Senate Dems scramble for alternatives to climate legislation

By Nico Portuondo, Nick Sobczyk | 07/27/2022 06:25 AM EDT

Democrats are evaluating tax extenders and emphasizing new anti-inflationary arguments for another budget reconciliation package to avoid missing an opportunity to pass major climate provisions this year.

Sen. Sheldon Whitehouse (D-R.I.).

Sen. Sheldon Whitehouse (D-R.I.) on Capitol Hill in June. Francis Chung/E&E News

Senate Democrats are searching for creative ways to get climate legislation over the finish line this Congress.

One of those new ideas is year-end tax extenders, often a congressional tradition. The demise of Democrats’ climate bill — and the expiration of key energy credits — has Democrats hoping they can revive some of their clean energy agenda in the lame-duck session.

The wind production tax credit expired at the end of 2021, while the current solar investment tax credit is set to begin phasing down at the end of 2022. Both are major priorities for the renewables industry, and both would have been expanded and extended in the defunct “Build Back Better Act.”


“It’s a regular end-of-the-year prospect, and I hope that it can be put to advantage,” Sen. Sheldon Whitehouse (D-R.I.), a member of the Finance Committee, said in an interview.

Indeed, there appears to be some early bipartisan interest in negotiating on energy tax incentives. Such a deal would be far slimmer than the massive $300 billion suite of credits Democrats were discussing for their reconciliation package.

But Democrats are floating the idea of coupling extensions for traditional renewable credits with incentives for nuclear, hydrogen and carbon capture. The GOP has been enthusiastic about those technologies in the past, and Democrats had been discussing a large slate of incentives for them in “Build Back Better” negotiations.

“I think there’s a lot of consensus on tax extenders on, I hope, some of the energy taxes on pensions,” Sen. Ben Cardin (D-Md.), another member of the Finance Committee, said in an interview.

Much could depend on how things shake out in the midterm elections and on what other congressional business has piled up in December.

Still, Environment and Public Works ranking member Shelley Moore Capito (R-W.Va.) said she could see appetite in the GOP for a deal on energy.

“We’re still going to have appropriations at the end of the year. It seems as though we’ll have a continuing resolution,” Capito said yesterday about a likely stopgap funding measure that will likely come in late September. “I think that a lot depends on what else is left to cram in at the of the year what happens in the election.”

Reconciliation: Not dead yet?

Sens. Joe Manchin (D-W.Va.) and Martin Heinrich (D-N.M.).
Senate Energy and Natural Resources Chair Joe Manchin (D-W.Va.) and Sen. Martin Heinrich (D-N.M.) on Capitol Hill in June.
| Francis Chung/E&E News

Before they move on to bipartisan considerations, Senate Democrats are still trying to convince Senate Energy and Natural Resources Chair Joe Manchin (D-W.Va.) to support climate legislation through budget reconciliation.

It’s a difficult path, considering the procedural hurdles and Senate floor time needed to do another reconciliation bill later this year. But Democrats believe they may be able to woo Manchin with a new strategy.

Since Manchin used July’s inflation report as the main reason for vetoing climate spending in the upcoming reconciliation bill, prominent economists and experts have argued against the West Virginia Senator’s belief that a climate package would worsen inflation. Many, in fact, believe one could cool down the overheated economy (Climatewire, July 21).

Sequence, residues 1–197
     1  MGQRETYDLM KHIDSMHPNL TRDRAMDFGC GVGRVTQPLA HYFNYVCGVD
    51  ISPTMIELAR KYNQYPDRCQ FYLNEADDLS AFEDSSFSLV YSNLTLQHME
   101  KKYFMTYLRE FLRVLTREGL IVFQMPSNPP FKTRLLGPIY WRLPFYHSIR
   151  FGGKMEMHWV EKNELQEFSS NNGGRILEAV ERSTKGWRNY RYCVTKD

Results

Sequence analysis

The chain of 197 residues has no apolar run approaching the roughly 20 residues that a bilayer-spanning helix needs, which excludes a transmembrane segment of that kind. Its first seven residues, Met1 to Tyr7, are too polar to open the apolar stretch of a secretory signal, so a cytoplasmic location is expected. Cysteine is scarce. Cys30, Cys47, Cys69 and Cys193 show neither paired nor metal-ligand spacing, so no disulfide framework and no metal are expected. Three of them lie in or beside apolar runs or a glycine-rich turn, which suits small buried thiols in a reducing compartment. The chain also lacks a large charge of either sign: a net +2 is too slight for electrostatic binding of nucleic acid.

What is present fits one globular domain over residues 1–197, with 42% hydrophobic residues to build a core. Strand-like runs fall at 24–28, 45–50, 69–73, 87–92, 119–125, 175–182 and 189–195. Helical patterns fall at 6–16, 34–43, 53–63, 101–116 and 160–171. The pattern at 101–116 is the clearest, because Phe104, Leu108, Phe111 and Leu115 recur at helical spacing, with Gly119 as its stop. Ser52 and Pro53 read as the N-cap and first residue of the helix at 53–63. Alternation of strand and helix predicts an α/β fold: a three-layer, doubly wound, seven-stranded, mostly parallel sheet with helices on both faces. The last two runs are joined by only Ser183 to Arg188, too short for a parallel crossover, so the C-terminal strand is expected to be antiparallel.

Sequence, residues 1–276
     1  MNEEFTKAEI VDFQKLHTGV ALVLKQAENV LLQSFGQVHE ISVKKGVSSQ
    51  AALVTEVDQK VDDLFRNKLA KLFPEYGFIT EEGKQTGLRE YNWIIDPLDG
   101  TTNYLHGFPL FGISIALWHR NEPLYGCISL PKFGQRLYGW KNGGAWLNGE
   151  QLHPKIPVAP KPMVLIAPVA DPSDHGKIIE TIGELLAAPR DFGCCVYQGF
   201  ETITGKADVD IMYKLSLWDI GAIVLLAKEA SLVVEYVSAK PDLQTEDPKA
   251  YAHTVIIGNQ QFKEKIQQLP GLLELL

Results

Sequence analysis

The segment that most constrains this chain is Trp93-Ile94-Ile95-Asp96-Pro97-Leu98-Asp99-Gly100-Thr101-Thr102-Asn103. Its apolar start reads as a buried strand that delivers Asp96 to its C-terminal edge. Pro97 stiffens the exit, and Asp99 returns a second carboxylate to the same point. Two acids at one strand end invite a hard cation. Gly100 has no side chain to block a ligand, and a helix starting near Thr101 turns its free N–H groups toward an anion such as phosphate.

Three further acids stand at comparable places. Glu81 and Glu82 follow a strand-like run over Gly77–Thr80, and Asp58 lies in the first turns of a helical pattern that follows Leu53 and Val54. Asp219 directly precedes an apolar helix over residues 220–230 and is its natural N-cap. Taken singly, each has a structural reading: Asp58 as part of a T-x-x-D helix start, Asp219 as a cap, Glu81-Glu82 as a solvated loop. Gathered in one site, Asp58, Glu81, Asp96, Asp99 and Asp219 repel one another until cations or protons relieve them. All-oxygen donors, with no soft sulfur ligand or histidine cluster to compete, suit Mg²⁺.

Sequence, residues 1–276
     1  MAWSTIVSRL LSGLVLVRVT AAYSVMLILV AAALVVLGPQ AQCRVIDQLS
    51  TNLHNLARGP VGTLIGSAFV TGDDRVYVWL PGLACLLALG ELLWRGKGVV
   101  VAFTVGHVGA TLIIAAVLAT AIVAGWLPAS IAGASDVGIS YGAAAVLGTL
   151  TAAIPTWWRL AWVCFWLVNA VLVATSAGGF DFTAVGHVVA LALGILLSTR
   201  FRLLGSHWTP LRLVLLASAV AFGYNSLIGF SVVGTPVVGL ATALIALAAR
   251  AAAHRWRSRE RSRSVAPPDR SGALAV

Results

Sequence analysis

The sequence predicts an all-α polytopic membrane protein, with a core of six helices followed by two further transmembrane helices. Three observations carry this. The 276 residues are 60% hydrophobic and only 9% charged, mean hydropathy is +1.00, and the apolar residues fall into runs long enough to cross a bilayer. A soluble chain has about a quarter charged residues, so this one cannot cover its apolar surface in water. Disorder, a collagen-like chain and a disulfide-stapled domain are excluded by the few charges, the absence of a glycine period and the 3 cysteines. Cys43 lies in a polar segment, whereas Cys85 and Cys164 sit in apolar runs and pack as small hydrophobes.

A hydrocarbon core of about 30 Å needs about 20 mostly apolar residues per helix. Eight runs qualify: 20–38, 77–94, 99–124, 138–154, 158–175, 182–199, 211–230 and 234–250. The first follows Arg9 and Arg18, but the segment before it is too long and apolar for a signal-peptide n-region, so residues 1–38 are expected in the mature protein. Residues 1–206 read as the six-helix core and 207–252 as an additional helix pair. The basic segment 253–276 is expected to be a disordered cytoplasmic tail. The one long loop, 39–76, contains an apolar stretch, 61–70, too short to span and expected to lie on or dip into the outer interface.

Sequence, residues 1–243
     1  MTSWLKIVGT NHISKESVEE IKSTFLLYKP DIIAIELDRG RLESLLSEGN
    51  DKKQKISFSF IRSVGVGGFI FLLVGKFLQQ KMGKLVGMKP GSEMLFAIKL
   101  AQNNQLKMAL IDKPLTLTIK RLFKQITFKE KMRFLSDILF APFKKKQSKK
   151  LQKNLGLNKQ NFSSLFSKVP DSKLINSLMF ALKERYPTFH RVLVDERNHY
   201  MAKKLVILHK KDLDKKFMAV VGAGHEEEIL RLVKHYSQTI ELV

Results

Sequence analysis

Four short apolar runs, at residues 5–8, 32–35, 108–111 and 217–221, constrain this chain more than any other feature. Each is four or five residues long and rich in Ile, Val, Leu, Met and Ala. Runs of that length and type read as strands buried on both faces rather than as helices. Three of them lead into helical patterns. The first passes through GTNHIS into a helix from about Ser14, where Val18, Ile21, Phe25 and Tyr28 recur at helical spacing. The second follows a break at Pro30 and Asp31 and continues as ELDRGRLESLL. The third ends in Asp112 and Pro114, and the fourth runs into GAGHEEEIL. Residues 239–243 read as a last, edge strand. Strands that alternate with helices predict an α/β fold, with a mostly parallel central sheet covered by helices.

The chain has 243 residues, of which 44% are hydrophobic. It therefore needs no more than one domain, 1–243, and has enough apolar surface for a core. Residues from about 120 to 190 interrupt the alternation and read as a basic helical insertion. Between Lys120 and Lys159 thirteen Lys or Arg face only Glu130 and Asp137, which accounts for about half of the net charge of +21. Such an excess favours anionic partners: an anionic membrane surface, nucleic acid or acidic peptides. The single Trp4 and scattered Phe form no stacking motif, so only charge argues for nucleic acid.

Sen. Martin Heinrich (D-N.M.) suggested that turning Manchin’s inflation worries on their head could be the vehicle to get him back at the table.

“I continue to have conversations with Senator Manchin as do many of my colleagues, and I think making this point that we have a real opportunity here to address inflation directly is the right way to get there,” said Heinrich during an event with Rewiring America.

Senate Finance Chair Ron Wyden (D-Ore.) also advocated for continuing the fight for a party-line deal. He believes that counting on climate and clean energy legislation at the end of the year would rely on a political atmosphere that is “pretty hard to predict.”

“The big issue for the end of the year is you’ve got to make an assessment of the election and who is interested in possibly going forward,” Wyden told reporters.

Lobbying continues

Clean energy groups are desperate for Democrats to keep trying.

Yesterday, almost 250 clean energy groups sent a letter to House and Senate Majority Leaders Nancy Pelosi (D-Calif.) and Chuck Schumer (D-N.Y.) imploring them to make every effort to “ensure the success” of the reconciliation climate package while also emphasizing its anti-inflationary potential.

“The energy tax package negotiated as part of the reconciliation process will fight inflation by reducing the cost of energy for American families and businesses, decreasing the deficit, and building a pipeline of good paying jobs in every state in the country,” the group wrote.

The International Brotherhood of Electrical Workers and the members of the Solar Energies Industries Association also sent a letter yesterday to every member of Congress asking them to get back to the negotiating table, particularly on clean energy tax incentives for solar, electric vehicles and energy storage.

For many Democrats and the clean energy industry, the nation simply can’t afford to miss the opportunity for transformative federal policies that reconciliation provides.

“I haven’t given up on reconciliation at this point,” Heinrich said. “It is such a powerful tool.”